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Kory Wells

Kory_SideLook_Close_SqKory Wells is a poet, writer, and advocate for the arts, democracy, and other good causes. Author of Heaven Was the Moon (March Street Press), she’s the principal founder of Poetry in the Boro, a reading and open mic series in her hometown of Murfreesboro, Tennessee. In 2017 she was selected the city’s inaugural poet laureate. Her work appears in James Dickey Review, Ruminate, The Southern Poetry Anthology, and other publications. Find her online at

You Are Not Who You Thought You Were

You professed to be a woman
who preferred showers,
but here you are

in a place with only a tub. It is
a nice tub, deep and gleaming white,
solid on four shapely dark legs,

and in considering it, you consider
the likelihood you smell
of smoke from the morning fire,

and so, in the bright mid-day
say you decide to fill the tub
plumb to the rim. Say you strip

your flannel and climb in
the water warm as a lover.
That at first you sit upright

and read your magazine,
but the water licking your legs
works its seduction, and before long

you turn to the shampoo bottle
on the windowsill and say, “Why not?”
That you edge your body first forward,

then down, down, so the water tickles
your ears and your breasts rise
like little islands in the ocean

of all you carry—your worry and hurry
and guilt (which at the moment
you feel not the least, except for

the tiniest bit of guilt that you
don’t feel more guilty). Say that
after a while you say what the hell

and dip your head back and under,
then lather your graying hair,
and for the first time in years—

because showers are loud—
you hear the tiny molecular engine of suds.
Rinsing, say you look at your body—

its fine hairs and fleshy softness,
its paleness riven by dark lines
you usually think unsightly. But now,

tracing your finger along a thigh’s
large vein to branches
of smaller veins, you think, tree

You think, river. You think, I am
creation. I am mystery. Even
mysterious. Who’s to say

what elements are coursing
in those indigo veins?
And now you rise

from the water still warm
and have to resist the urge
to open the window wide

to the icy cobalt wind.
Say you drop your towel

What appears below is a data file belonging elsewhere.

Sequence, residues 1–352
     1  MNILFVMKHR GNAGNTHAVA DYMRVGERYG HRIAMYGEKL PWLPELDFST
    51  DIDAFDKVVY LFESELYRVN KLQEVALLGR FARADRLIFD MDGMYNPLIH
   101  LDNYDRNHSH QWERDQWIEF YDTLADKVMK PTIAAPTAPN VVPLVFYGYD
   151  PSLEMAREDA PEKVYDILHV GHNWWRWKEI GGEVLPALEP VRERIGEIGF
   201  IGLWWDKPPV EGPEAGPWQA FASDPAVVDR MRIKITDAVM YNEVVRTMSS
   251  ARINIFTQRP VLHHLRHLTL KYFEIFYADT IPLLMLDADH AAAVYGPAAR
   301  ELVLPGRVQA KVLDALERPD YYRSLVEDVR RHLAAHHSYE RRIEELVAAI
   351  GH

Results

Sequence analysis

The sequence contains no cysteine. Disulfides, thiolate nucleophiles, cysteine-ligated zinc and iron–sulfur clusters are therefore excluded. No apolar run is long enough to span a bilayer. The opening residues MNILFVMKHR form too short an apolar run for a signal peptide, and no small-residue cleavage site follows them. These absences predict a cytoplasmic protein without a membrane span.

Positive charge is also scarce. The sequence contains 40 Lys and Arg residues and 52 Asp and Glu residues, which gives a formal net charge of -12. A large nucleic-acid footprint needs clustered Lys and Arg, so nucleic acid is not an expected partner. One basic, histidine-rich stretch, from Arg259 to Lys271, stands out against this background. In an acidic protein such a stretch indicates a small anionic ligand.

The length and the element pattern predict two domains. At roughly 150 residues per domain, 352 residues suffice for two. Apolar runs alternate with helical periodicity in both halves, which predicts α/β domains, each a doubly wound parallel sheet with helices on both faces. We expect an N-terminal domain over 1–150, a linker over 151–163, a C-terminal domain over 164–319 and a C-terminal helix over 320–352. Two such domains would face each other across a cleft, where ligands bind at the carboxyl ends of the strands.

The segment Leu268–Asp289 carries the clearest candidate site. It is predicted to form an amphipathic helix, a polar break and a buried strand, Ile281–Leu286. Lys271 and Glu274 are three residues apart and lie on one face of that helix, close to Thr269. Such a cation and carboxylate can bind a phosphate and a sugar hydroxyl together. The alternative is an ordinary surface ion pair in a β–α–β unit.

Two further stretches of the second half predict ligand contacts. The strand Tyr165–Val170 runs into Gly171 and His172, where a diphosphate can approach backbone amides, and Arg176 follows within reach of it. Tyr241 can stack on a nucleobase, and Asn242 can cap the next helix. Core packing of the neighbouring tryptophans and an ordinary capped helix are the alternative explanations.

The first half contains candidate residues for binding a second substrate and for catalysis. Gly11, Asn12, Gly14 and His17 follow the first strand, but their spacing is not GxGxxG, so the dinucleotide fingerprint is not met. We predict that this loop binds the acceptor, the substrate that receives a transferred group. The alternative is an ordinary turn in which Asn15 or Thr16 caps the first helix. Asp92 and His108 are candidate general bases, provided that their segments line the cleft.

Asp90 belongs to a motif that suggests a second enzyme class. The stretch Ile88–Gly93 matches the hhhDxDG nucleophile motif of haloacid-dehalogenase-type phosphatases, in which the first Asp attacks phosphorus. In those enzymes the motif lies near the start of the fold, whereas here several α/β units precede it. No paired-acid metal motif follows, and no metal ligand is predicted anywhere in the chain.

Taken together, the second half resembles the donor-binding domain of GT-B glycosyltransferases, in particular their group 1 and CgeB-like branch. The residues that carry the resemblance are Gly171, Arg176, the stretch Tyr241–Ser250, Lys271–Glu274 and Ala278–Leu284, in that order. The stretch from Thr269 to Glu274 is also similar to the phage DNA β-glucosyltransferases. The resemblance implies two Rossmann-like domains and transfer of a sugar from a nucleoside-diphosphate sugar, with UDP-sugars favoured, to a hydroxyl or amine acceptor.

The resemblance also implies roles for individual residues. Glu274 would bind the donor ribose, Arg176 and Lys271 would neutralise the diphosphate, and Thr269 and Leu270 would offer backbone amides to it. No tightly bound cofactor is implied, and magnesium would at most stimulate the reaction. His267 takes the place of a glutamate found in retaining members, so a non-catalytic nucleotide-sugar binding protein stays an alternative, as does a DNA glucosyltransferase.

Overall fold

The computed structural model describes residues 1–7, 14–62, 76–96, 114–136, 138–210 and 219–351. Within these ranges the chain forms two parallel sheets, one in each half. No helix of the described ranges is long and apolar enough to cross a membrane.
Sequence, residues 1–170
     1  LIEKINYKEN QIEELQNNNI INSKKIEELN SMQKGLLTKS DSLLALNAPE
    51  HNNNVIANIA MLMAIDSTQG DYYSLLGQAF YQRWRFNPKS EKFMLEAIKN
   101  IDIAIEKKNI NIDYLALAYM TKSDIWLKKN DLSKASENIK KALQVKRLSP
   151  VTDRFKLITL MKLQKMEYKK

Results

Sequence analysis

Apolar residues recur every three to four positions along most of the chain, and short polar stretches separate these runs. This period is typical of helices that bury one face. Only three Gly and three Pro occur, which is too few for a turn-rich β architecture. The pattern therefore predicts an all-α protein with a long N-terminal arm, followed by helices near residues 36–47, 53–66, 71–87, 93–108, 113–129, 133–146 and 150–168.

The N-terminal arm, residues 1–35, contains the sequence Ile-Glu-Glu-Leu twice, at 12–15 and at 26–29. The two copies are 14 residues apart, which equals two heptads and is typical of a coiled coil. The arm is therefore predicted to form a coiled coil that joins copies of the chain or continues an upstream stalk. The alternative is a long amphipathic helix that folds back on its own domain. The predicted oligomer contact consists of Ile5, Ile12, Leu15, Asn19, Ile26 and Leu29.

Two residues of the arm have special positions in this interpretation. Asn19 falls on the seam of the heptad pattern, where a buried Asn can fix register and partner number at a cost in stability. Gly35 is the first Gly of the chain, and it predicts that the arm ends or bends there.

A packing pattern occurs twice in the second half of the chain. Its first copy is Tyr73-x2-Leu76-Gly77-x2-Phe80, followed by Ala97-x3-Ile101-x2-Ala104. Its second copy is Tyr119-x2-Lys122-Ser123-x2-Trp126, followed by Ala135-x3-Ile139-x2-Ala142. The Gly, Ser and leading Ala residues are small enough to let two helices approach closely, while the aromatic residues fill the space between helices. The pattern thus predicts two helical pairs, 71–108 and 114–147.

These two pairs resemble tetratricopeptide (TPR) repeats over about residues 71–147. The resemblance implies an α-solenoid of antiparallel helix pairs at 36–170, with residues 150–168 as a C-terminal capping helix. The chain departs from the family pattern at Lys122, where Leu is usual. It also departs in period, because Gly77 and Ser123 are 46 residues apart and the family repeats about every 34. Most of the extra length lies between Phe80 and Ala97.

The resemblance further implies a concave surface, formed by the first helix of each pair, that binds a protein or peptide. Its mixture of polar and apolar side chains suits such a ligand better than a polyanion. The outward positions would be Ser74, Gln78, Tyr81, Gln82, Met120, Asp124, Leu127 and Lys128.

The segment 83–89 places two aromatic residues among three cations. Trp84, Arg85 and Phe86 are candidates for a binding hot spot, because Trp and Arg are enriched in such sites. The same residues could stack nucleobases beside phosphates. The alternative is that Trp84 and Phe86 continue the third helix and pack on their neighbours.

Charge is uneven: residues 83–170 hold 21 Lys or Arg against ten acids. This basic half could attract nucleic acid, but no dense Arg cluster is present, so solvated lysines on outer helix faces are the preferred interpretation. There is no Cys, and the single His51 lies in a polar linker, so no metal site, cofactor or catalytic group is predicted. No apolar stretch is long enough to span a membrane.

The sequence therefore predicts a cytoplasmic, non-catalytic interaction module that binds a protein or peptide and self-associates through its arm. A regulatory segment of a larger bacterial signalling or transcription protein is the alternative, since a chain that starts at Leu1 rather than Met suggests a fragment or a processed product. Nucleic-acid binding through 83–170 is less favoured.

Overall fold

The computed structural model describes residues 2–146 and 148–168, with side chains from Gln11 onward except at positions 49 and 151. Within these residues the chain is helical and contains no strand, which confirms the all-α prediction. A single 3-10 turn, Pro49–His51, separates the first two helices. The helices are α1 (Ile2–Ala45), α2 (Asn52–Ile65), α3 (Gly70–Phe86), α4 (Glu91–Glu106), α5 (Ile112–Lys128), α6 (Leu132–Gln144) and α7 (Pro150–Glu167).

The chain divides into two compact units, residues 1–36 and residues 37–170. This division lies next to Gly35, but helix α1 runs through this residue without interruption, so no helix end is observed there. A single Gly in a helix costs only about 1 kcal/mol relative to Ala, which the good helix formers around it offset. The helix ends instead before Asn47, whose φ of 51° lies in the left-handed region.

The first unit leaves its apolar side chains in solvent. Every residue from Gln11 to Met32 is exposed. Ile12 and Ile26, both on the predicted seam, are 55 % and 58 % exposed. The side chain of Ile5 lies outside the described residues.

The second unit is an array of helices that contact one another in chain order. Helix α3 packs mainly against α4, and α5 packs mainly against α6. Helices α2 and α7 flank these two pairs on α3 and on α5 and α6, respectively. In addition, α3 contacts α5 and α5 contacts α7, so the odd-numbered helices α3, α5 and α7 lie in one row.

to the floor by your clothes

and levitate to the bed,
damp and naked, and
slip between the sheets

feeling all pink and teal
and tingly. Say it feels like
it’s been hours, but it’s only

noon. That you like your meals
on schedule, but today
you’re skipping lunch.

Say you were wrong
about this tub thing,
and you can’t wait to be

wrong again, because being
wrong feels a little wicked—
lush and wicked and new.

I confess I’ve never been completely satisfied

—in my kitchen, although I love its butterscotch walls and copper spoons, its pressed glass jars

of sugar, the ragged sound of their rusting screw-top lids. The room is too small. I’ve tried on the

words cozy, intimate. Found the fit revelatory. How padded my ribs have become. Bread and

butter, cake and frosting—I confess these excesses, but if you asked, I have some shame. I

confess to affairs of the heart. To loving first one room and then another, for the light, for the

sloping golden oak floors. I confess to an eye that roams, to an addiction for odd dishes and glass

rabbits, for sweetened coffee and books. Of course books. And anyone who reads. It’s true you

still bring me chocolate. But don’t you miss our desire shaking the mirrors on the wall? I’ve

cried for such want, tears like Karo syrup. Call me hopeless, romantic. I’ve become a woman

who adds sugar to beans. I’ve crashed parties for the cake’s biggest buttercream rose. I’ve taken

it all at once in my mouth.
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